There are plenty of scenes in the movie where we can see the discrimination being performed. Discrimination refers to an unjustified negative or harmful action toward a member of a group simply because the person belongs to that group (King, 2013). Since the beginning of the movie, Po is being discriminated for teaching Kung-Fu by his Master and fellow warriors because he was a panda, an oddball in the group and he came from an ordinary world fantasizing about Kung-Fu legends but not having any skills. There is a sign of discrimination being used at the end of the movie as well when Tailung, an antagonist hesitates to fight with Po over the dragon scroll.

The panda in the movie is shown as a submissive character. He was discriminated for being fat and idiosyncratic. Even though he trains hard and puts his effort to be the dragon warrior, later it can be seen that he himself rejects or denies to the prophecy done by Oogway when the time comes to battle Tailung. This concludes that discrimination can also hinders self-esteem.

Even though the panda was being discriminated and out casted by his own allies and master, he did not give up. Instead he trains harder. The discrimination was not a big of a problem here. However, there are many cases in life I have witnessed where discrimination causes to bring many negative as well as positive consequences. It is not irrelevant to say that there will cause this phenomena of disbelief or discouragement within an individual’s self because of discrimination. This might not be true in all cases. Some tend to acquire more positive determination; they grab an ego whenever they face a determination. That is one way to deal with it.
Contact Hypothesis of Prejudice
Prejudice is an unjustified negative attitude toward an individual based on the individual’s membership in a group (King, 2013). Prejudice legitimizes discrimination because it apparently justifies one group’s dominance over another. However, there has been a hypothesis which states that under appropriate conditions, interpersonal contact is one of the most effective ways to reduce prejudice between majority and minority group members. This hypothesis is called the contact hypothesis. In the movie, Shifu luckily figures out a new strategy of training that suits Po, which is using food as lure to evoke Po’s potential. Shifu happens to unravel the hidden kung-Fu skills of panda when Shifu shows Po the treat that was 10 feet from the ground and begins to show interest on Po. Master Shifu and all other furious fives takes the panda in their group. They all train Po together to defeat Tailung with the support of the master and all the villagers. Finally, the prophecy comes true and Po defeats Tailung. Everyone in the village and in his group acknowledges Po afterwards.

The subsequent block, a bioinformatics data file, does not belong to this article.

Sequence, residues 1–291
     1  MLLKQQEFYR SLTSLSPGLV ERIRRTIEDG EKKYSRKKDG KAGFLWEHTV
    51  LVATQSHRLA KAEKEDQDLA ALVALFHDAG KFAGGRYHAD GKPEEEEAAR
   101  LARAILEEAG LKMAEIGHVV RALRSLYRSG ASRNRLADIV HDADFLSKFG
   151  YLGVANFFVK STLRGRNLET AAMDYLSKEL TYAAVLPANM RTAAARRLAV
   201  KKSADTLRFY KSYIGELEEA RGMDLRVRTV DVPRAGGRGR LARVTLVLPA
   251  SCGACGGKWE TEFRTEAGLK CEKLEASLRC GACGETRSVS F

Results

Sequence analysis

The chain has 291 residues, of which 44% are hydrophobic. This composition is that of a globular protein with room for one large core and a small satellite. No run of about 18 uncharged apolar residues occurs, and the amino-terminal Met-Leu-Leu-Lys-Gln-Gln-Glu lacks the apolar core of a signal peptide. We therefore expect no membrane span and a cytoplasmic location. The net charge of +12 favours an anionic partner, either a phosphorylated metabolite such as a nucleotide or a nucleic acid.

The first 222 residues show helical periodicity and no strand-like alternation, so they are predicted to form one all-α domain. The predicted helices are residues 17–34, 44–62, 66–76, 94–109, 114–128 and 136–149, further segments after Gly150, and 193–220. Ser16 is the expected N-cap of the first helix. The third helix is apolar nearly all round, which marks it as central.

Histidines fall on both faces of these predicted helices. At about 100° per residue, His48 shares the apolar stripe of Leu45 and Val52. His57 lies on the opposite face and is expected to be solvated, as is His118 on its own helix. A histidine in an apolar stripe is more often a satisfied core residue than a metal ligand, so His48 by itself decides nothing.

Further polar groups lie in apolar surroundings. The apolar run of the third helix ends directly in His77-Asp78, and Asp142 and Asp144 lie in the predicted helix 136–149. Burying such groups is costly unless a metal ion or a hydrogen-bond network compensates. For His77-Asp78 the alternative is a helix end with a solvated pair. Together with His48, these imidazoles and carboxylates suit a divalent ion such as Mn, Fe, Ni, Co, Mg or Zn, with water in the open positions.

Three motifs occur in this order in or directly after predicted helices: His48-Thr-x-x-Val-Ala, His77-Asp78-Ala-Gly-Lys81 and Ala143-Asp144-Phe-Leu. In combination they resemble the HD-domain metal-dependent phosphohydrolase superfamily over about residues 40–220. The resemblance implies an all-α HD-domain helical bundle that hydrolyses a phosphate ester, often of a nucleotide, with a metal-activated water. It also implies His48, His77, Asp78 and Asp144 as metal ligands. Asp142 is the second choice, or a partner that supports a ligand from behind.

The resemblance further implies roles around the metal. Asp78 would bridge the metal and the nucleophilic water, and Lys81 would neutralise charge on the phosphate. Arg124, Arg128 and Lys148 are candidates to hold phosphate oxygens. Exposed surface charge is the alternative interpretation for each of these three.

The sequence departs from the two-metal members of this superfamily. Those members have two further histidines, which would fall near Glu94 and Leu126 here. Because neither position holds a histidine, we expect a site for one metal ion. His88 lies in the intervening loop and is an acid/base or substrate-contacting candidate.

Studies have shown that contact is more effective if the people involved think that they are of equal status, feel that an authority figure sanctions their positive relationships, and believe that friendship might emerge from the interaction (Pettigrew ; Tropp, 2006). In the movie, Po not only dissatisfies Shifu and the furious five, he also failed in all his training. Po loses his confidence and begins refusing the call to adventure. Po says, “Maybe I should just quit and go back to making noodles” (Black ; Stevenson, 2008). Po is now frustrated and he rethinks his decision of being the Dragon Warrior. When Po is losing his mind and about to give up on Kung Fu, he meets the mentor who encourages him and helps him to gain back confidence. There has been experiences in my life when a simple interpersonal contact has helped me blend in with the group. To feel good about ourselves, we need to feel good about the groups to which we belong (King, 2013). For an instance, if you attend to an unknown party, you feel awkward and you start to build prejudice to the groups if you don’t know anyone but at the same time, if any stranger comes to talk to you and now you got a friend, you feel little comfortable. In this case, the in-group resolve the complexity.

Conclusion
In brief, the movie clearly and accurately presents the three stages of the panda’s journey (separation, initiation and return) and it shows the audience how the protagonist grows and improves to be the hero. The movie uses several attributes of social psychology. Po is once a daydreamer, who refuse to face the reality and enjoys dreaming about being a Kung Fu master. Learning Kung Fu seems irrelevant to him at first because of the discrimination and stereotype attitudes from his allies and master. However, his passion and consistence lead him to encounter the chance of making his dream come true. During the training, he has hesitated, and considered giving up; nevertheless, he is inspired, allied, acknowledged and encouraged to regain his confidence and refuse giving up.

References
King, Laura A. (2013). Experience Psychology Second Edition. New York, NY: McGraw-Hill Education.

King, Laura A. (2013). Experience Psychology Second Edition PowerPoint slides.
Pettigrew, T. F., ; Tropp, L. R. (2006). A meta- analytic test of intergroup contact theory. Journal of Personality and Social Psychology, 90, 751–783.

Stevenson, J. (Director), ; Black, J. (Writer). (2008). Kung fu panda Motion picture. United States: Paramount Pictures Corporation.